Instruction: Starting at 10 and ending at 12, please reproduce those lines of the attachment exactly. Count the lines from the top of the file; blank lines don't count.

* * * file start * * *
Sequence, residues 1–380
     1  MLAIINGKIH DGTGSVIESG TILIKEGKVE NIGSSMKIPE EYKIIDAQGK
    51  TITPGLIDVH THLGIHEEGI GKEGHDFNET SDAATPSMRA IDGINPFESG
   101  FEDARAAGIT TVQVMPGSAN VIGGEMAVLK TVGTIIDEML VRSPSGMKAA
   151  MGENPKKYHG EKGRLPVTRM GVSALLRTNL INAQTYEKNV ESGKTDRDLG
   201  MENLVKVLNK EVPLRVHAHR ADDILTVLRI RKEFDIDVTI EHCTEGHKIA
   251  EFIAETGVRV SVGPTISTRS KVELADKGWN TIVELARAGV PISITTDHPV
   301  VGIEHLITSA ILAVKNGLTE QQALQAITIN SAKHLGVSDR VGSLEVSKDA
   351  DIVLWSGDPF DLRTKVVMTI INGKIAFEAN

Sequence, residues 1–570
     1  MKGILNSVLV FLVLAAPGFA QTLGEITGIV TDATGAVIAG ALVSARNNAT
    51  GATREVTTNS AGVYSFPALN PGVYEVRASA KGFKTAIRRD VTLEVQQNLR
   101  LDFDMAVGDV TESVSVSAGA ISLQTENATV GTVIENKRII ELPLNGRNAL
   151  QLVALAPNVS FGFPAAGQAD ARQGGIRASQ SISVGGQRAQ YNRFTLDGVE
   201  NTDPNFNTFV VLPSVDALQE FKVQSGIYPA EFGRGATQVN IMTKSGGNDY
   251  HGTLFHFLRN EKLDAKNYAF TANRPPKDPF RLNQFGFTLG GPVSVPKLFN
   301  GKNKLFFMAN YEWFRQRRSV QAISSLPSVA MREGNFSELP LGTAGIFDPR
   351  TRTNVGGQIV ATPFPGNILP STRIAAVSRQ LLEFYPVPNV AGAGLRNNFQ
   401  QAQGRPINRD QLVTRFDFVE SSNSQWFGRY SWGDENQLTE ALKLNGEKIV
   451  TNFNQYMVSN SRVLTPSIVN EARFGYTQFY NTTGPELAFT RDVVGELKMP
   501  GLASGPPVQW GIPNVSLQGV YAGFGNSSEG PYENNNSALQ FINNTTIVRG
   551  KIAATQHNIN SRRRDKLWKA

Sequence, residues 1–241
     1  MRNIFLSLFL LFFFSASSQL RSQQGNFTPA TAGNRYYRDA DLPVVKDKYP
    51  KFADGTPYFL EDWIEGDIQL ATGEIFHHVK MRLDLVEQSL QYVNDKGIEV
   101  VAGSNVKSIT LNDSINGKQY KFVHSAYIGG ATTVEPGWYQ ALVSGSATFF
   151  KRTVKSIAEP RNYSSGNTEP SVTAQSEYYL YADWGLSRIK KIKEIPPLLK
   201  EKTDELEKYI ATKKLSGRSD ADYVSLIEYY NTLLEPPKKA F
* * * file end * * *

Sequence, residues 1–570
     1  MKGILNSVLV FLVLAAPGFA QTLGEITGIV TDATGAVIAG ALVSARNNAT
    51  GATREVTTNS AGVYSFPALN PGVYEVRASA KGFKTAIRRD VTLEVQQNLR